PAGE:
One Against The House: Review

one against the house

One Against The House is a heist movie that manages to hold the audience till the end. The basic plot summary – “A gambler is forced to pull off a heist to cover his friend’s debt”, is interesting enough to get the viewer engaged, and the director, Michael Fredianelli, manages to keep this going till the end of the movie. Despite being an indie movie, the superb cinematography, allied with some stunning locations, rarely make it seem like a budget flick.

The cast generally do a very good job. Derek Crowe pulls off the lead role well, with a vulnerable, bumbling charm about him that draws the audience towards him. Erik Jorn Sundquist is menacing enough as the main villain, but maybe at times being a little too dramatic for one’s liking. However, Michael Nose’s performance is probably the best of the lot; subtle enough to allow the audience to take a liking to him before he is revealed as somewhat of an antagonist as well.

The movie itself feels slightly rushed at times, and there could have been some more exposition provided in a few scenes. The editing certainly could have been better, and the viewer is left with the feeling that some scenes have been left out in the editing process when they would have done a good job of stitching the narrative together, especially when most of the movie has a slow, well-thought-out pace that allows the story to progress organically and logically. There’s a palpable sense of tension throughout the movie, which, while standard for movies in this genre, is still impressive considering the budget and size of the project. It points towards the quality of the writing and screenplay by Fredianelli.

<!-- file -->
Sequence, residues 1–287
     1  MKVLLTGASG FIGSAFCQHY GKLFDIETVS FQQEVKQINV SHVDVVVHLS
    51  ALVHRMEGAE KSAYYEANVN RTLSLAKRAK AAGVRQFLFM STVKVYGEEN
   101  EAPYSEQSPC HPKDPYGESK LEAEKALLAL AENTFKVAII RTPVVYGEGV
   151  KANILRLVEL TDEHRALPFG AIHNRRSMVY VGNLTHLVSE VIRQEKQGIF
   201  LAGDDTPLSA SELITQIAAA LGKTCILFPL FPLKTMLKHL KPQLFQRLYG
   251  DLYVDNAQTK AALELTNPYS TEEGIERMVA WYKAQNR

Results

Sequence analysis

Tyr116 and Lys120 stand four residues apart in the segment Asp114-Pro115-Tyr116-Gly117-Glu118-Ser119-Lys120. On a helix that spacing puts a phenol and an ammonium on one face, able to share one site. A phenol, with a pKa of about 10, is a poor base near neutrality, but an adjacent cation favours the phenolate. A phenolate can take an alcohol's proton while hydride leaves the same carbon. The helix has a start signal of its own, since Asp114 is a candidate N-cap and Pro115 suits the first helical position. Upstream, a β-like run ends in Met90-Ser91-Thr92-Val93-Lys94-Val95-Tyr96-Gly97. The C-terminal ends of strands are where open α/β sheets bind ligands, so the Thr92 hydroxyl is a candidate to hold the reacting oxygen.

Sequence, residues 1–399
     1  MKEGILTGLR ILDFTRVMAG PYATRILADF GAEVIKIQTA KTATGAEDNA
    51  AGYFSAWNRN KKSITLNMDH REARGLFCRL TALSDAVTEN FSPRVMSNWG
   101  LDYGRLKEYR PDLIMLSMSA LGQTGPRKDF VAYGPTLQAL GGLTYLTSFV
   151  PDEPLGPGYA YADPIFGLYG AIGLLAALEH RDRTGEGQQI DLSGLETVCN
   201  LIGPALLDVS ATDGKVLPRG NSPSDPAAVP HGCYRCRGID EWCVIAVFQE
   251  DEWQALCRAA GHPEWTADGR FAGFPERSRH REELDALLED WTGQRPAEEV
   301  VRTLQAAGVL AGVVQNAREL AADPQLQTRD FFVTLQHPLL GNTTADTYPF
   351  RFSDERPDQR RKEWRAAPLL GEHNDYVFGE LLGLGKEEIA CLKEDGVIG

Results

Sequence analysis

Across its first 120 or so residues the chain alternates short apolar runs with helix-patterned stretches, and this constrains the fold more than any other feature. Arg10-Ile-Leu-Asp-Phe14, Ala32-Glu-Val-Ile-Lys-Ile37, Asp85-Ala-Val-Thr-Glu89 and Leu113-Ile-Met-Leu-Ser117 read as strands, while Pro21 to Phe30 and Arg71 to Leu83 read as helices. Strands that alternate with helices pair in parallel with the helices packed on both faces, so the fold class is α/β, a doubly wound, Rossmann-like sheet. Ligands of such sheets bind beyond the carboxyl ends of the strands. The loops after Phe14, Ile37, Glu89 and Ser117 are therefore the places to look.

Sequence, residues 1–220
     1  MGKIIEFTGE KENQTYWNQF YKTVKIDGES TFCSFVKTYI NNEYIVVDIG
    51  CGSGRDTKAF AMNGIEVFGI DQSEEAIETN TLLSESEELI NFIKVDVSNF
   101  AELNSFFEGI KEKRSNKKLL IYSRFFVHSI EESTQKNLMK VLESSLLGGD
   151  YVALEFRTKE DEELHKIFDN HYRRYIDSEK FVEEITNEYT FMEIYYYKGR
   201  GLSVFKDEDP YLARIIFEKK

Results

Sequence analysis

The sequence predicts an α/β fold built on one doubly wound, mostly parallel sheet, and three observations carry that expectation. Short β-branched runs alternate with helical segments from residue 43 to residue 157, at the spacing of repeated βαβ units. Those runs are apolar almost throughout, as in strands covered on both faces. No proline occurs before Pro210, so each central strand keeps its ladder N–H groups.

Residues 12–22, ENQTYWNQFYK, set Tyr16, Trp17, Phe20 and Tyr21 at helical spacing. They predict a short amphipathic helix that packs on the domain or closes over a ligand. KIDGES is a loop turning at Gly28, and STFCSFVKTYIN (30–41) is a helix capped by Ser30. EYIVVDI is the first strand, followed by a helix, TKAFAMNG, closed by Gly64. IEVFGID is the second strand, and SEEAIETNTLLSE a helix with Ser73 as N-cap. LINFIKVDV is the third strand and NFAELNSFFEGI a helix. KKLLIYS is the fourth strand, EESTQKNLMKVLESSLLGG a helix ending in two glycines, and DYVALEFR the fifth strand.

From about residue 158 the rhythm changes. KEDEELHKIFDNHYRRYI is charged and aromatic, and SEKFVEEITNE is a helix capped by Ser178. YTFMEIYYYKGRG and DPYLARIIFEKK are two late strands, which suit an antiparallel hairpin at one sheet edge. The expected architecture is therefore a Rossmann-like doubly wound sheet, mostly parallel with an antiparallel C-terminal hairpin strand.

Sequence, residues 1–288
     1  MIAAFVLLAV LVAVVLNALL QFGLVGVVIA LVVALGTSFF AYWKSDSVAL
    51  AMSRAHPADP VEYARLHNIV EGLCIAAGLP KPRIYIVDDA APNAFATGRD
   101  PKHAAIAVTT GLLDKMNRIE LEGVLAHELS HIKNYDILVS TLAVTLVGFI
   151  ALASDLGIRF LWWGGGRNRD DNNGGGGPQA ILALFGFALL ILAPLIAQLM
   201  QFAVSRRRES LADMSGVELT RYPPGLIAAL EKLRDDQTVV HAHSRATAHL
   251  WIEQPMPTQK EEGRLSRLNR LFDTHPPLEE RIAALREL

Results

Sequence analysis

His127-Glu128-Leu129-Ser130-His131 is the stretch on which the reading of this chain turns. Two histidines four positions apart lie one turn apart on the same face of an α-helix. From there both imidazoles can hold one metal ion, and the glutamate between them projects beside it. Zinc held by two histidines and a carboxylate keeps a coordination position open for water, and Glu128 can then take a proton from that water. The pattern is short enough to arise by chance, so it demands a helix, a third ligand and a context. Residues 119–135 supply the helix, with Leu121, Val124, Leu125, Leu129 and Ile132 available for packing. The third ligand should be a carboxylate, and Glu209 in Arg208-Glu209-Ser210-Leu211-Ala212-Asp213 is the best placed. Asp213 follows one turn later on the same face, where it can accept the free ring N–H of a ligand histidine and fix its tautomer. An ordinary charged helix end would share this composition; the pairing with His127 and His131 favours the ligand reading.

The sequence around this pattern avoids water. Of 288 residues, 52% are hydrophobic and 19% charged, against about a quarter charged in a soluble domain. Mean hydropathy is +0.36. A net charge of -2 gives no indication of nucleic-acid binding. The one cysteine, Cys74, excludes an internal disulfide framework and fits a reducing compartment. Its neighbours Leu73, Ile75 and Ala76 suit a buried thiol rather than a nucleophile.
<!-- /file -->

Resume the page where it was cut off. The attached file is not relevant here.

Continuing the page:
The central theme of the movie comes out extremely well, with the audience seeing how the protagonist gets progressively hooked onto gambling and risk-taking. It shows how it is not too long of a road for someone to go from wanting to play casino games to fearing for his life. It is a chilling look at what gambling addiction can do to someone’s life if it is allowed to dictate terms, and the cinematography adds to this central theme to make it an enjoyable watch.

The protagonist’s journey towards degeneracy is extremely well-captured, going from just a night out with a friend to having to take hostages in order to pay off said friend’s gambling debt. Additionally, the plot does not progress as expected; there are a couple of surprises thrown in which add to the ride.

It is a cautionary tale, but at the same time, the audience is invested in the characters and their eventual fate, which again shows the quality of the writing team as well as the actors who brought the roles to life. One Against The House is a surprisingly enjoyable movie, especially given the budget range and genre, and is probably one of the better indie movies in recent months.


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